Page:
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Negotiations between highly indebted IT services company Atos and its lenders are hanging in the balance after one of its biggest creditors, Crédit Agricole, signalled it wanted to walk away.
Crédit Agricole has for several weeks said it no longer wanted to refinance the group, according to three people with knowledge of the talks, dealing a blow to debt negotiations aimed at pushing back €3.65bn in debt payments due by the end of 2025 by several years.
Crédit Agricole “have been wanting to get out for some time now . . . it’s been at least three weeks that they’ve really wanted to get out”, said one person with knowledge of the situation.
The setback points to growing fractures among creditors as Atos’ underlying business and financial situation rapidly deteriorate.
Under the leadership of recently appointed chair Jean Pierre Mustier, Atos is trying to refinance and avoid a wider debt restructuring that could wipe out shareholders. On Monday, the company appointed a mediator to oversee talks with creditors — a voluntary step before a potential court-supervised debt restructuring — which caused shares to plunge almost 30 per cent.
Once a French corporate champion with prized assets such as supercomputers and sensitive contracts with the French military, attempts to split the group and sell assets to pay down debt have faltered after a series of strategic mis-steps and management changes. In the past three years, the company has had five chief executives, issued a series of profit warnings and shed 90 per cent of its market capitalisation.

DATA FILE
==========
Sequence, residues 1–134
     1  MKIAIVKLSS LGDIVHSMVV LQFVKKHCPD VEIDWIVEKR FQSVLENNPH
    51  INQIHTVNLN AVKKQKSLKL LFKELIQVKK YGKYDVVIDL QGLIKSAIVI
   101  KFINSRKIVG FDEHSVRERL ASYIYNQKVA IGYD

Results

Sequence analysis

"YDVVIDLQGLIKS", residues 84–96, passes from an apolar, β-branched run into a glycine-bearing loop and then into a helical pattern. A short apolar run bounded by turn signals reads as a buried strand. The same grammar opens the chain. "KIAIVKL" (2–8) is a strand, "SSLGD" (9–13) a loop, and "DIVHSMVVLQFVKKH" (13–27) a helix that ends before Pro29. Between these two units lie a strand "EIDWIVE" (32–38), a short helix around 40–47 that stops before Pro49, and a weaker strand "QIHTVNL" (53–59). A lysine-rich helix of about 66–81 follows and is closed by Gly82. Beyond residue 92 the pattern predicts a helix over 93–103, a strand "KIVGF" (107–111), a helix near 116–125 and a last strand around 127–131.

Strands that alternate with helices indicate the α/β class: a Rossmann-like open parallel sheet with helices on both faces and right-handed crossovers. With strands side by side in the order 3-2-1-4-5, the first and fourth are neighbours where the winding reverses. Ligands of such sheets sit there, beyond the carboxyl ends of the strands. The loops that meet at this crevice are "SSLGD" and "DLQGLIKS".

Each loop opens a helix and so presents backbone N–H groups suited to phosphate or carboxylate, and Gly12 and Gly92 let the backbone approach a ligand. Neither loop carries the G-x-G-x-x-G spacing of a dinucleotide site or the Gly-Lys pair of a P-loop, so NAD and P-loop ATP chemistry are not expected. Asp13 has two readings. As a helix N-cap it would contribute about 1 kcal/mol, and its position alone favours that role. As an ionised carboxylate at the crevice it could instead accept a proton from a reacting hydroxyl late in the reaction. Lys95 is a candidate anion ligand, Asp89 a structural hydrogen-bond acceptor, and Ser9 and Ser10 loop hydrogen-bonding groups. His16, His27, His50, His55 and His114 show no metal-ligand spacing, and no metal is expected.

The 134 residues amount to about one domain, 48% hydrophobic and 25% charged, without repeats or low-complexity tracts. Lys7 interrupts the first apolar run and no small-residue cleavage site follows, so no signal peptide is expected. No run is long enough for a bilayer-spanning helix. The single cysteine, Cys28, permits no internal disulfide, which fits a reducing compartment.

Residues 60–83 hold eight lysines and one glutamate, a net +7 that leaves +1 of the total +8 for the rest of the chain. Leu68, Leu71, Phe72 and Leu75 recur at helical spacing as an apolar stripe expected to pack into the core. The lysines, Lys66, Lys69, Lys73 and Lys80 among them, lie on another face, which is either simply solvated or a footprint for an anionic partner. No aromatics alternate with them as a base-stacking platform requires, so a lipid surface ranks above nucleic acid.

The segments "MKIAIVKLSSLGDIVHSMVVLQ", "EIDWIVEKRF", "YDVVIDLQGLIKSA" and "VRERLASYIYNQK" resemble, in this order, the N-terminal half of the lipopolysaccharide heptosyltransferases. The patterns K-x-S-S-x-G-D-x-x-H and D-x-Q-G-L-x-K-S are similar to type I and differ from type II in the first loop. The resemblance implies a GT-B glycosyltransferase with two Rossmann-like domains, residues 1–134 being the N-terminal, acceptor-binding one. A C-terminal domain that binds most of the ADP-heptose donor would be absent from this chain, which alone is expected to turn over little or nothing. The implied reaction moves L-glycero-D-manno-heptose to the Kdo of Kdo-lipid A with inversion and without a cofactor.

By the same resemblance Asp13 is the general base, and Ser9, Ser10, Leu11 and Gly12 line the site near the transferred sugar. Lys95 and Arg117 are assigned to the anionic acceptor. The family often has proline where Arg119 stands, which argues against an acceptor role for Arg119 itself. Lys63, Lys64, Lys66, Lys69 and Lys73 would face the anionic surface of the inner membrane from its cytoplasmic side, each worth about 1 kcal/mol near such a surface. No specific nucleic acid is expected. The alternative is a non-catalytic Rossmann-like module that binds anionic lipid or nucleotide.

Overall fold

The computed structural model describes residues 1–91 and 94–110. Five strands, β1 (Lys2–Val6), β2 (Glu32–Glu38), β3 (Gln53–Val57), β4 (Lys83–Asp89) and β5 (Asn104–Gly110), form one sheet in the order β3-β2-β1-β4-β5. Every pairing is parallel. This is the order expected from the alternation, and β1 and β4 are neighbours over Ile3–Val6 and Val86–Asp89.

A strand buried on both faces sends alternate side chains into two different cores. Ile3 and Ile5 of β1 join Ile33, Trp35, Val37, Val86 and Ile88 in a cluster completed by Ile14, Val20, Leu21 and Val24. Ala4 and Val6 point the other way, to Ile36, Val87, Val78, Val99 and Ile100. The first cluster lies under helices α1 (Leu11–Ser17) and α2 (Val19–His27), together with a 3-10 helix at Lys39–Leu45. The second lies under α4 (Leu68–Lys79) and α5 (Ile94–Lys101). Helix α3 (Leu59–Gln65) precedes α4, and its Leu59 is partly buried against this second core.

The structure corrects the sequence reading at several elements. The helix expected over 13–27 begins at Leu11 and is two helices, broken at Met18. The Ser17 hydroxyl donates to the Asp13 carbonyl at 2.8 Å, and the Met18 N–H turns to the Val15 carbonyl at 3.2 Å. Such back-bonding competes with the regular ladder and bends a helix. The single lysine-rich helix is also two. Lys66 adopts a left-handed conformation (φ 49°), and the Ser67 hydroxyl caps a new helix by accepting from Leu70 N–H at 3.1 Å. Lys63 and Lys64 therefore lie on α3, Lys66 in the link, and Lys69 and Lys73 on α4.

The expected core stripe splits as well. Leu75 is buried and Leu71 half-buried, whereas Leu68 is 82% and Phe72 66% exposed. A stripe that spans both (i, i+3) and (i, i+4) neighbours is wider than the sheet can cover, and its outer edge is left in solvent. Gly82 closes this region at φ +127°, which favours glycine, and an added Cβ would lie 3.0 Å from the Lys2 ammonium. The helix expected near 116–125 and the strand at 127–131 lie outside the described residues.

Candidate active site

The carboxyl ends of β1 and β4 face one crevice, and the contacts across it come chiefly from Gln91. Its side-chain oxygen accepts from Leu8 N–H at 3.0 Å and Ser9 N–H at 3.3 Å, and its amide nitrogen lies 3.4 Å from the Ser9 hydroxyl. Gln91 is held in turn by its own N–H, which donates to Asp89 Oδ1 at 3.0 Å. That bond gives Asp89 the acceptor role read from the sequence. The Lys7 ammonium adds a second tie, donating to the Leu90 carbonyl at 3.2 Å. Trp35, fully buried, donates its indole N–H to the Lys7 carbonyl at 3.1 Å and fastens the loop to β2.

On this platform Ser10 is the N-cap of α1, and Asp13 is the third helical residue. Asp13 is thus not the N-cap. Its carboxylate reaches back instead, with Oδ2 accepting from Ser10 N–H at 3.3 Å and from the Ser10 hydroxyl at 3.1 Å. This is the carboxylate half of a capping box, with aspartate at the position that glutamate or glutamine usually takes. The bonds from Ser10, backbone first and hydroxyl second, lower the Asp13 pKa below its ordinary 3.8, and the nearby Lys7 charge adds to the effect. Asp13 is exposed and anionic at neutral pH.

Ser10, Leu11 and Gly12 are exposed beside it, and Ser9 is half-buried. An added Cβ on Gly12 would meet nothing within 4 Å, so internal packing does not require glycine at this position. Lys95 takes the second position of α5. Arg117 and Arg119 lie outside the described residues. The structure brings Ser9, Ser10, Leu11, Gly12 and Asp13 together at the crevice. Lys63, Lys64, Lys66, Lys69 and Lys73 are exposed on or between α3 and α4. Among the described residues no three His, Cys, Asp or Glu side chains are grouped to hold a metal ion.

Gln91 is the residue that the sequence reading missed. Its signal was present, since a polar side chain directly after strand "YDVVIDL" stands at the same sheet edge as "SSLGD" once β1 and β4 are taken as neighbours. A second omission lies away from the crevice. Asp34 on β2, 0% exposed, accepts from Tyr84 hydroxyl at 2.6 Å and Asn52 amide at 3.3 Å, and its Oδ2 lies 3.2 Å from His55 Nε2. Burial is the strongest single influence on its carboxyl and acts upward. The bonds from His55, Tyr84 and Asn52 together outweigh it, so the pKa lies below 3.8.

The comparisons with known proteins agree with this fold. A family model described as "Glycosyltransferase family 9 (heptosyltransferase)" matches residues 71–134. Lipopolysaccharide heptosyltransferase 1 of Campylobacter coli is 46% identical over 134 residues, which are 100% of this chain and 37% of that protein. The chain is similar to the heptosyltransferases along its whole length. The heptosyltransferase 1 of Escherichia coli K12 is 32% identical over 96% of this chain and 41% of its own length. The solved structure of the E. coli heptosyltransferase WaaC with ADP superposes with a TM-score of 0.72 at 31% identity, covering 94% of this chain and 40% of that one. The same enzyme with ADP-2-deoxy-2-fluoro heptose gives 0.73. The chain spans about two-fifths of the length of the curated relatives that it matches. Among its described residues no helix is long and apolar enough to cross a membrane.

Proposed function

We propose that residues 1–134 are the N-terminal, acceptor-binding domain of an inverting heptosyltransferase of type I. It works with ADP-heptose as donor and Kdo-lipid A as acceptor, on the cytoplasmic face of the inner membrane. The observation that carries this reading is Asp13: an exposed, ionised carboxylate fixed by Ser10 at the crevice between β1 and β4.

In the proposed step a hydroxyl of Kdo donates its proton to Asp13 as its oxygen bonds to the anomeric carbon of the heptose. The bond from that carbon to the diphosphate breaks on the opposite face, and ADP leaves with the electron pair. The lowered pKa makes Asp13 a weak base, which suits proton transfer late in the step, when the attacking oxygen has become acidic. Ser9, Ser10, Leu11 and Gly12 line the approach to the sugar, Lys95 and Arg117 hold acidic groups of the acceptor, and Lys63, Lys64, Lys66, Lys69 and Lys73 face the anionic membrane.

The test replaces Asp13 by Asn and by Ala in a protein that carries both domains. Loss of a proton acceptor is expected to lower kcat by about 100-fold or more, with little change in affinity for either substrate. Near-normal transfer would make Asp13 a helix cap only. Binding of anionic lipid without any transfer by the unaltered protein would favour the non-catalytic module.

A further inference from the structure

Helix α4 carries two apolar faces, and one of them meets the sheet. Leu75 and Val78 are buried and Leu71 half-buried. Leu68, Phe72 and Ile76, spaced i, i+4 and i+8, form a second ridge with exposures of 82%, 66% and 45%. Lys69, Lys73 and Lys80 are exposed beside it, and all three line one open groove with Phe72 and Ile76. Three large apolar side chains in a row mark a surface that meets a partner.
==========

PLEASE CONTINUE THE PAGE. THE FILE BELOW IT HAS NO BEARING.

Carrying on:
A plan to split the company and sell its loss-making legacy business to Czech billionaire Daniel Křetínský is foundering. Talks have been at a standstill for weeks, though neither side is yet willing to declare the deal officially dead, according to multiple people with knowledge of the negotiations.
As concerns over the debt burden at Atos have mounted and the Křetínský deal stalled, Mustier has explored a back-up plan by starting talks to sell the company’s prized big data and cyber security unit, BDS, to Airbus. A deal with Airbus would take time to finalise, however, since the parties only recently began due diligence.
Crédit Agricole’s stance on the company’s refinancing contrasts with the accommodating position often taken by French banks to big corporate clients. The country’s top lenders tend to extend lifelines during corporate blow-ups and remain longer than foreign banks, as with the slow-motion downfall of food retailer Casino.
Crédit Agricole is one of the biggest French lenders to Atos in a group of banks that also includes BNP Paribas, Natixis, Credit Mutuel CIC and Société Générale. Together, the banks make up roughly 40 per cent of Atos’ creditors.
Other lenders were also disenchanted with Atos’ situation but more inclined to proceed with refinancing and find a solution by extending fresh funds, the people close to the talks said.
Crédit Agricole’s position could have a ripple effect on other smaller foreign bank lenders, which were also on the fence about re-extending credit lines to the group, the people added. If it fails to secure a voluntary extension of bank loans, Atos is likely to be forced into the French equivalent of a bankruptcy proceeding, which would involve a debt-for-equity swap.
Distressed debt investors are now circling Atos, including hedge fund Attestor, which has bought some of the company’s debt. “Everyone is testing the market, but to date the prices have been too low for the banks,” the person with knowledge of the talks said.
Crédit Agricole, Atos, Attestor and the French bank lenders declined to comment. Crédit Agricole’s stance was first reported by online publication L’Informé.